GUEST BLOGGER: East-ern town and West-ern girls

Anna Roberts is 25 and works in London as an Advertising Account Manager. In this blog she talks about her experience as a woman caught in the western vs. eastern culture clash.

My memories of a recent holiday in an Arabic country included baking hot sun, smoking shisha, eating couscous and being called an ugly goat. Yes, the humble goat. Not particularly an attractive animal and there was no misconstrued language barrier it was definitely meant, and taken, as an insult.

The reason for this insult? My shorts and strappy top attire…I think!

I don’t want to name the country, as I don’t want this story to deter others from visiting a place where the locals were very welcoming to the Westerners storming the country. I knew it was a Muslim area, so I thought it was only right to respect their values (the ones I knew) by covering up whenever I left the resort.

However, the one time I thought it was OK to venture out in my ‘holiday clothes’, I got caught out. I was shopping in the tourist shop next to the resort when I noticed a guy pushing past me a few times in the aisles, muttering something under his breath. As weird as I thought it was, I didn’t take any notice of him until I left the shop and found him chatting away quite happily to my boyfriend. So I, let’s say ‘encouraged’ the boyfriend to walk away.

This guy’s response was to ask my boyfriend if I was his mother (insult number 1) and then called me “ugly like a goat” (insult number 2). We walked away. Talking through the incident later, we realised that actually, he’d also insulted my boyfriend’s mother (insult number 3) and my boyfriend, by suggesting he should have more control over his woman (insult number 4) and perhaps even a further insult to myself as I wasn’t worth been spoken to, only through my boyfriend (insult overload!).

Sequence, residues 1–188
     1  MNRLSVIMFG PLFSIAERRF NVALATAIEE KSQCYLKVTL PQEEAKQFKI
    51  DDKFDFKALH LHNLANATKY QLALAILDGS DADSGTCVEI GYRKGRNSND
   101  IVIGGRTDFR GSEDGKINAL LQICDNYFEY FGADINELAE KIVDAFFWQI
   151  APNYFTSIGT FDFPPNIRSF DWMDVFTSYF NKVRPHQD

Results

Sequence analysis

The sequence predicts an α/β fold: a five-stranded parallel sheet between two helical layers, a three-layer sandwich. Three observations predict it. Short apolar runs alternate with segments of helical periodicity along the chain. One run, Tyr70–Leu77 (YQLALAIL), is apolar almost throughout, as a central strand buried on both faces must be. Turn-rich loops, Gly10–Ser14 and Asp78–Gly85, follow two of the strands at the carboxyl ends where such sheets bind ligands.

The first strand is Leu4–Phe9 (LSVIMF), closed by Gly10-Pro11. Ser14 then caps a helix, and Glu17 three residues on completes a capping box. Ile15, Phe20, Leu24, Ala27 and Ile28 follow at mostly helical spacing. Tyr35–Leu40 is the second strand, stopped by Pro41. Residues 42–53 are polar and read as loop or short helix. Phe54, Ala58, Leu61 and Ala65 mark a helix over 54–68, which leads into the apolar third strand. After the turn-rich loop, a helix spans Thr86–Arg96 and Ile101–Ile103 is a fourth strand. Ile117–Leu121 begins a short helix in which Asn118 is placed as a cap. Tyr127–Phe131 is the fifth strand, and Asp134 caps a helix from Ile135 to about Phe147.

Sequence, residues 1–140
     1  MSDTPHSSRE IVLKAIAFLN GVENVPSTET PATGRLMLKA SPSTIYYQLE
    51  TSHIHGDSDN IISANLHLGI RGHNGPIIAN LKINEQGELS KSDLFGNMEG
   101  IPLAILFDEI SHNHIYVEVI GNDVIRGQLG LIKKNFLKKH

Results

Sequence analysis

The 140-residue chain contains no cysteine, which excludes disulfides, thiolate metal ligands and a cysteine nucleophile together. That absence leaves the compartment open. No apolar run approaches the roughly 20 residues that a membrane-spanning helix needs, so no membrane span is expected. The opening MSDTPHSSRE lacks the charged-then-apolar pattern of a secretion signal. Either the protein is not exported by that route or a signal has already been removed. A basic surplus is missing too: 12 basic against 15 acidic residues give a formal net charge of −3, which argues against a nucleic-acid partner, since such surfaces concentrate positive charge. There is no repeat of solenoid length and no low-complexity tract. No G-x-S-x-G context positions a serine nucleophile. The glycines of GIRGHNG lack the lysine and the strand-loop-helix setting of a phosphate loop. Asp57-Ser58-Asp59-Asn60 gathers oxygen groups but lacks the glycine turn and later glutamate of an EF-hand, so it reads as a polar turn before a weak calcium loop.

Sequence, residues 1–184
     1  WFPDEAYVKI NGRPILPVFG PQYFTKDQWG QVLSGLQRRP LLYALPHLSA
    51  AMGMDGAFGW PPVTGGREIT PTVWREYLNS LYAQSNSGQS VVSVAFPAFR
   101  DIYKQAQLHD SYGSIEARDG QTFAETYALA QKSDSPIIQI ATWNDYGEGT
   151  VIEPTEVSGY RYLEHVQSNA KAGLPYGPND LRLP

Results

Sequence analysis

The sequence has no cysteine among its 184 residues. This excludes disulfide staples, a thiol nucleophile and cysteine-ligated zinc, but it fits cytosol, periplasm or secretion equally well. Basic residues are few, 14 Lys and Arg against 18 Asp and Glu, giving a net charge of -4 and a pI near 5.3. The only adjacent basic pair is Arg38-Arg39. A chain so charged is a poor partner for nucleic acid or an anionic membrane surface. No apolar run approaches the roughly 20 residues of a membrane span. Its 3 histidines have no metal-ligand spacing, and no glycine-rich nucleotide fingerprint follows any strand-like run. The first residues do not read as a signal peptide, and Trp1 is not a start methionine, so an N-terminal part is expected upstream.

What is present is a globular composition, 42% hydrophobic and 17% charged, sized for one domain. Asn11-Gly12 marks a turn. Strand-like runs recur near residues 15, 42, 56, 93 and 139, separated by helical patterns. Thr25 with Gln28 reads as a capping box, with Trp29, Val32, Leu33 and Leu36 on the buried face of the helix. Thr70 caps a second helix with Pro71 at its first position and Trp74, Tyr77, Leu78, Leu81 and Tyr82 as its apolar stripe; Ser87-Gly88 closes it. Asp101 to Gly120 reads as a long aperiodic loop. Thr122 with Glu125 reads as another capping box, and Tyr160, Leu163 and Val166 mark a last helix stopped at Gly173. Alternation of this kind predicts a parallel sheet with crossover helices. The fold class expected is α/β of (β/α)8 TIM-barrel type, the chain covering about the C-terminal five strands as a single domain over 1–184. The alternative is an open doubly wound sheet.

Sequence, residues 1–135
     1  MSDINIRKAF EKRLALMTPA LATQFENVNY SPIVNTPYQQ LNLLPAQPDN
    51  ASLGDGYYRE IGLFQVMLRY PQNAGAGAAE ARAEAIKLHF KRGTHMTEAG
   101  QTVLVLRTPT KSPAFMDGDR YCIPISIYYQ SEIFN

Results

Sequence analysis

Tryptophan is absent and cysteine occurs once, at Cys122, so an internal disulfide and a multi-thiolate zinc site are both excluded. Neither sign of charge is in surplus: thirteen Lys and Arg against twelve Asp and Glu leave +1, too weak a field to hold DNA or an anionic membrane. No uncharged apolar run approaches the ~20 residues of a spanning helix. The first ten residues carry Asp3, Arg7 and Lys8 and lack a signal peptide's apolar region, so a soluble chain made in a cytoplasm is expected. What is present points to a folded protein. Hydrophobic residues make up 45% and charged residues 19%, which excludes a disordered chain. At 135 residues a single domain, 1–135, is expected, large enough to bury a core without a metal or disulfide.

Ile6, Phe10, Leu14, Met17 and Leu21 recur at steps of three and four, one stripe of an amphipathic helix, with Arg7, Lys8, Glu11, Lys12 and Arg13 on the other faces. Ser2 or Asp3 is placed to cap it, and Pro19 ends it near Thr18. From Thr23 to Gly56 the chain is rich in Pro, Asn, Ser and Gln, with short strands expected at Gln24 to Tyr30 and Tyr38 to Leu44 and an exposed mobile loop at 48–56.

We then reminisced about this incident and another which occurred earlier in the week where I’d been called “sexy” by another local. As a complete opposite type of comment, I still felt offended. This time I felt that because I was a young, Western female, this man had a preconception of what I was like. To put it bluntly: I’m happy to show my body, therefore I must be a whore. A sex object. When I received my “sexy” comment, my boyfriend and I laughed, but my boyfriend wasn’t sure how to react – it’s not exactly right to come onto a girl when her boyfriend is by her side. What’s he meant to do, hand her over for a go?

The difference was that the 1st man was being nasty and was genuinely offended by my appearance. He evidently wasn’t tolerant of a different culture in his country. The 2nd guy probably didn’t realise his comments were offensive and the situation was more like a lack of education in the intentions of a Western girl.

For both of these incidents, I wondered would there have been a difference if I’d had been completely covered up? I wondered if I should keep my mouth shut as it was their country and I knew some of the values and social norms were not my own before I even arrived.

So, why was I still shocked?

I feel like I have a better understanding of other cultures simply by the fact I mix with them daily in England. So surely there should be some cultural compromise in other countries to ensure that both parties are, at least, content? Maybe I had expected too much.

I admit I definitely had preconceptions of the country and the men featured in this story prior to visiting, so my analysis could be completely incorrect.

I haven’t been put off this country but it has definitely left a nasty taste in my mouth and it’s only down to two men’s comments.

Should I avoid cultures who don’t like my hair showing, my Holiday clothes and my love of a sun tan or, is my very presence in other cultures an education both for myself and for the members of that society?

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